Gaelic Quotes

Quotes tagged as "gaelic" (showing 1-14 of 14)
Shannon MacLeod
“Funny how I keep forgetting you’re insane.” - Colleen O’Brien”
Shannon MacLeod, Rogue on the Rollaway

Shannon MacLeod
“Identify yourself,” Colleen demanded. “I’ve got a bat and I will beat the living shit out of you if you so much as blink. I’ve got a black belt,” she lied frantically, “and…and…a gun. A big one.” - Colleen O’Brien”
Shannon MacLeod, Rogue on the Rollaway

Alexandra Ripley
“But listen well. In Tir na nOg, because there is no sorrow, there is no joy.
Do you hear the meaning of the seachain's song?”
Alexandra Ripley, Scarlett

Shannon MacLeod
“His deep voice drifted to her through the crowd of women. “…my lady when she returns. Och, there ye are, Blossom,” Faolán grinned, standing up and taking her hand so she could ease back into the restaurant booth. “These lasses were just asking if I was a stripper. I told them I doona think so,” he said, his face clouded with uncertainty. “I’m not, am I?”
The inquisitive lasses in question flushed scarlet and scattered to the four corners of the room at the murderous look on Colleen’s face. “No, you’re not, but I guess I can see how they’d think that,” she muttered darkly. “What you are is a freaking estrogen magnet.”
Shannon MacLeod, Rogue on the Rollaway

Shannon MacLeod
“Food shouldn’t be that shade of green, lass.” – Faolán MacIntyre”
Shannon MacLeod, Rogue on the Rollaway

Shannon MacLeod
“Submitted for your approval--the curious case of Colleen O’Brien and the
gorgeous time traveling Scot who landed in her living room.” – Rod Serling”
Shannon MacLeod, Rogue on the Rollaway

Sara Sheridan
“The lively oral storytelling scene in Scots and Gaelic spills over into the majority English-speaking culture, imbuing it with a strong sense of narrative drive that is essential to the modern novel, screenplay and even non-fiction.”
Sara Sheridan

Harper Fox
“I don't know if it's a forever deal, a sheep farm in the middle of nowhere. But I want to try, for Harry's sake. And I love it all when you're here. It's like you made it new for me. You--you are my forever deal."
There it was again, that dangerous, beautiful word. In Gaelic, wilder and lovelier still. "A-chaoidh."
"Yes, forever, Nic. A-chaoidh.
Harper Fox, Scrap Metal
tags: gaelic

Iar gclos báis Mháire
i dtuairim cháich má fágbhadh m'ainnir faoi fhód,
níor bhuadhaigh bás ar Mháire im mheabhair-se fós.”
Pádraigín Haicéad

Shannon MacLeod
“Refusing to lean back against him, Colleen sat ramrod straight until they reached the road. “I guess I should say thank you for saving my life,” she muttered then turned and slapped Faolán hard across the face. “And that’s for you having to save it in the first place. And I’m not your woman, you big, arrogant, lying, betraying…faery loving…” She searched for the perfect insult and couldn’t find one, “…Scot.” She gave a very unladylike snort. “Happy now? That fiery enough for you?”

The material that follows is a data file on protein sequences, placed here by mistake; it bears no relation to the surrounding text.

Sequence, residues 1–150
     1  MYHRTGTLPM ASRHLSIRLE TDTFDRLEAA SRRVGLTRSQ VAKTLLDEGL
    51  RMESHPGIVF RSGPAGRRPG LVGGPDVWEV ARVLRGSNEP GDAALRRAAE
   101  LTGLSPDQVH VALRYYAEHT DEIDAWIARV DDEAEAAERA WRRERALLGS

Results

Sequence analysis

Shannon MacLeod, Rogue on the Rollaway

Shannon MacLeod
“Och, lass. Yer going to have to not do that.” Faolán exhaled. “Creeping up on a man is a dangerous thing, and I confess I’m jumpier than most. Yer feet are soft as a cat’s.”
“I wasn’t creeping anywhere, I was going to make coffee and this is my house, I’ll creep anywhere I like,” Colleen muttered with a petulant scowl. “But I wasn’t creeping.”
Shannon MacLeod, Rogue on the Rollaway

Shannon MacLeod
“You turn the lights on and off here and if you can’t sleep and want something to read there are books in the living room…” her voice broke off. “Wait. Can you read?”
His chin took a slight tilt upward. “Aye,” Faolán replied, his voice cool, “in English, Gaelic, Latin, or French. My Welsh is a bit rusty, and I doona remember any of the Greek I was taught except for words not fit for a lady’s ears. I can also count all the way up to…” He looked down and wiggled his large bare toes, “…twenty.”
– Faolán MacIntyre”
Shannon MacLeod, Rogue on the Rollaway

“What is it that Australians celebrate on 26 January? Significantly, many of them are not quite sure what event they are commemorating. Their state of mind fascinated Egon Kisch, an inquisitive Czech who was in Sydney at the end of January 1935. Kisch has a place in our history as the victim, or hero, of a ludicrous chapter in the history of our immigration laws. He had been invited to Melbourne for a Congress against War and Fascism, and was forbidden to land by order of the attorney-general, R. G. Menzies. He had jumped overboard, broken his leg, gone to hospital, failed a dictation test in Gaelic and been sentenced to imprisonment and deportation. When the High Court declared Gaelic not a language, Kisch was free to hobble on our soil...”
K.S. Inglis, Observing Australia: 1959���1999

“Nuair a bhagras an nàmhaid,
Air a' Ghàidheal a dh'éighear -

Bidh gach morair is iarla
Guidhe dian leibh gu éirigh,

Bidh sibh measail aig diùcan
'S bheir an Crùn a chuid fhéin dhuibh;

Ach nuair cheanglar an t-sith leibh
Cha bhi cuimhn' air bhur feum dhaibh,

Cha bhi cuimhn' air mar smàladh
Thar sàl do thìr chéin sibh,

Mar chaidh fearann a dhiùltadh
'S mar a chum iad na féidh bhuaibh,

Mar a chu iad an t-iasg bhuaibh
Agus ianlaith nan speuran.

When the enemy threaten,
It's the Gael who is called -

Each earl and each lord
Implores you to rise,

Dukes show you respect
And the Crown gives you its share;

But when peace is secured by you
They'll forget how you served them,

They'll forget you were banished
Far over the sea,

And how land was refused
And they forbade you the deer,

And forbade you the fish
And the birds of the air.

- Ruairidh MacAoidh
Ronald Black, An Tuil: An Anthology of Twentieth Century Scottish Gaelic Poetry